Chrono-nutrition is the study of timing and composition of food for maintaining the appropriate functioning of our circadian clock.1 Our circadian clock is our internal timekeeping system which anticipates daily changes and helps maintain homeostasis. As well as our ‘master clock’ located in the hypothalamus which is regulated primarily by light and dark cycles, we have additional peripheral clocks in almost all organs and tissues in the body. Our timing of food and physical activity can influence the timing of these peripheral clocks.

Studies have shown an increased risk of obesity and related health conditions when skipping breakfast and eating late at night. 1 Which suggests the importance of eating a large breakfast and lunch and a smaller meal or snack in the late afternoon or early evening. This will allow the body to digest the food, before sleeping. If the body is still digesting food whilst asleep, energy is taken away from other important roles the body has to complete during rest.

A study on healthy participants found that diet-induced thermogenesis (the amount of energy expenditure of processing food for use and storage) was approximately twice as large in the morning at 8am compared with in the evening at 8pm. Potentially meaning that it takes more calories to digest the same meal in the morning than in the evening.1 Therefore eating late could hinder a weight loss programme.

It is becoming clear that not only what we eat is important, but also when we eat it. Within the body we have natural rhythms for our cortisol levels, they should peak in the early hours of the morning and slowly reduce during the day so that our levels our low in the evening. If this rhythm is misaligned we can have low levels of cortisol as we wake, making us feel lethargic. For some individuals the levels can pick up during the day, leaving us feeling more awake in the evening. Food patterns can be influenced by this misalignment through skipping breakfast and continuing to eat in the late evening. Causing further disruption to our natural circadian rhythm and wellbeing.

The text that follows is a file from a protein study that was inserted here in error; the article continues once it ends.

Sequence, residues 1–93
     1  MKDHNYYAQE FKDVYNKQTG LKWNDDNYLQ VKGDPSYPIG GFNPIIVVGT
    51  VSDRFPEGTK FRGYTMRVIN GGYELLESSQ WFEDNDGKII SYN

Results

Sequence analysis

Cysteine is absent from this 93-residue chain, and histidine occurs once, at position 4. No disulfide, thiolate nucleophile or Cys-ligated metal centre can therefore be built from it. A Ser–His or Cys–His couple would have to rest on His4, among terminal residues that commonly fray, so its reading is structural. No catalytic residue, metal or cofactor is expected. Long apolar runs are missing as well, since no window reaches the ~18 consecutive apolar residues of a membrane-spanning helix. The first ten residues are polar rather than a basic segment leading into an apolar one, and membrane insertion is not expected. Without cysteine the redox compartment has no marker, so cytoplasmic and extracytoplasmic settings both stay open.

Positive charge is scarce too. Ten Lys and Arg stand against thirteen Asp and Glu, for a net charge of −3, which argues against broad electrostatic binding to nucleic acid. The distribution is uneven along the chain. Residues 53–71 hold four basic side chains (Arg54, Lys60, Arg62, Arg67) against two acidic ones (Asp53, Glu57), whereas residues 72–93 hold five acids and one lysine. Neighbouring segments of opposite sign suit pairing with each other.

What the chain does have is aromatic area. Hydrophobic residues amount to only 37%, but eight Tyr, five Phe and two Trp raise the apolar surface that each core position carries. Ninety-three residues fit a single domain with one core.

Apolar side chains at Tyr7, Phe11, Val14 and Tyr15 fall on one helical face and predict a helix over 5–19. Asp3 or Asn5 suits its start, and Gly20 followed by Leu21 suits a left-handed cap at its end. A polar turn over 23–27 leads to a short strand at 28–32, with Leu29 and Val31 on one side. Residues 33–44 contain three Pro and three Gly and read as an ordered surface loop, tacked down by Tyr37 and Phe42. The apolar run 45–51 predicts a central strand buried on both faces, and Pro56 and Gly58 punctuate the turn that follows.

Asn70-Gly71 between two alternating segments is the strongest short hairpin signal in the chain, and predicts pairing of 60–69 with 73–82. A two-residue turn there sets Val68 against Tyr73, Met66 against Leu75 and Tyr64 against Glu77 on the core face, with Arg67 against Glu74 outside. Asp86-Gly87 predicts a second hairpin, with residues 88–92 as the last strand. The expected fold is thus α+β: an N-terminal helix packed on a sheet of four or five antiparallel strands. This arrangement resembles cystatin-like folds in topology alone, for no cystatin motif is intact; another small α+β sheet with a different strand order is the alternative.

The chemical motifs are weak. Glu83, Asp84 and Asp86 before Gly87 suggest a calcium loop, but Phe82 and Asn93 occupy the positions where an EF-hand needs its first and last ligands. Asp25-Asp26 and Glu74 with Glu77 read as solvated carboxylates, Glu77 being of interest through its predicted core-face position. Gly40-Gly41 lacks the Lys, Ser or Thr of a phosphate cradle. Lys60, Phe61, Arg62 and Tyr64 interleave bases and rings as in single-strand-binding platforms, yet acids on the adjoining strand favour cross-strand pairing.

Our gut microbiome has its own cyclical changes through the day, to maintain this healthy balance we should ensure we are eating prebiotic foods. Particularly increasing prebiotic foods in your diet in the early part of the day as these will help feed the microbes in your gut, which also have their own cyclical rhythm and influence our overall health.


 1. Garaulet M, Gómez-Abellán P, Alburquerque-Béjar JJ, Lee Y-C, Ordovás JM, Scheer FAJL. Timing of food intake predicts weight loss effectiveness. Int J Obes 2013; 37: 604–11.